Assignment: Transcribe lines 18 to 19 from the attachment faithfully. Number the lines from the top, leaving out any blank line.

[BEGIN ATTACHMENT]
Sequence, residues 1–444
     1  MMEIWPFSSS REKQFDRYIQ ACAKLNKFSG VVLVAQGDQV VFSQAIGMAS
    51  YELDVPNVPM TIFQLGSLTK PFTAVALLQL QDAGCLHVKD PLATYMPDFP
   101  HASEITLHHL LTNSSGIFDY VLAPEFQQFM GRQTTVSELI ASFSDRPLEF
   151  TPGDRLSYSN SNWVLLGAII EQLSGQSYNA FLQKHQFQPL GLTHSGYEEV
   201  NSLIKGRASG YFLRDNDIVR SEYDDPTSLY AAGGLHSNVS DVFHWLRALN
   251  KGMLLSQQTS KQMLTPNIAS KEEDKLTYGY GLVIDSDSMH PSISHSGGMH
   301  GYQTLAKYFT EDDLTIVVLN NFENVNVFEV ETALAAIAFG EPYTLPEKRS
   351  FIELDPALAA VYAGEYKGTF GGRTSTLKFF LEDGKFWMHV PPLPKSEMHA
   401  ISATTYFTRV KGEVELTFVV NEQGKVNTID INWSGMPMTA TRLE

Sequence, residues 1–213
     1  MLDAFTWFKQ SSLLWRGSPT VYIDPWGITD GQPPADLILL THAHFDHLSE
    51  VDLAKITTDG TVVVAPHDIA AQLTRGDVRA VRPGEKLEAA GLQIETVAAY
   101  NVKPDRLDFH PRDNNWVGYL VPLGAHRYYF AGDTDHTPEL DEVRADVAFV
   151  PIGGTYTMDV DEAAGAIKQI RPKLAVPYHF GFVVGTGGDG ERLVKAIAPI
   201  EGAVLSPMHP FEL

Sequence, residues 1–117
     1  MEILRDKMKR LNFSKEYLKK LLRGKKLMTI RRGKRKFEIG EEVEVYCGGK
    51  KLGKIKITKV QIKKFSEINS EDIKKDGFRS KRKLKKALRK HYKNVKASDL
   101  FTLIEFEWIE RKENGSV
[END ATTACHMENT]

     1  MEILRDKMKR LNFSKEYLKK LLRGKKLMTI RRGKRKFEIG EEVEVYCGGK
    51  KLGKIKITKV QIKKFSEINS EDIKKDGFRS KRKLKKALRK HYKNVKASDL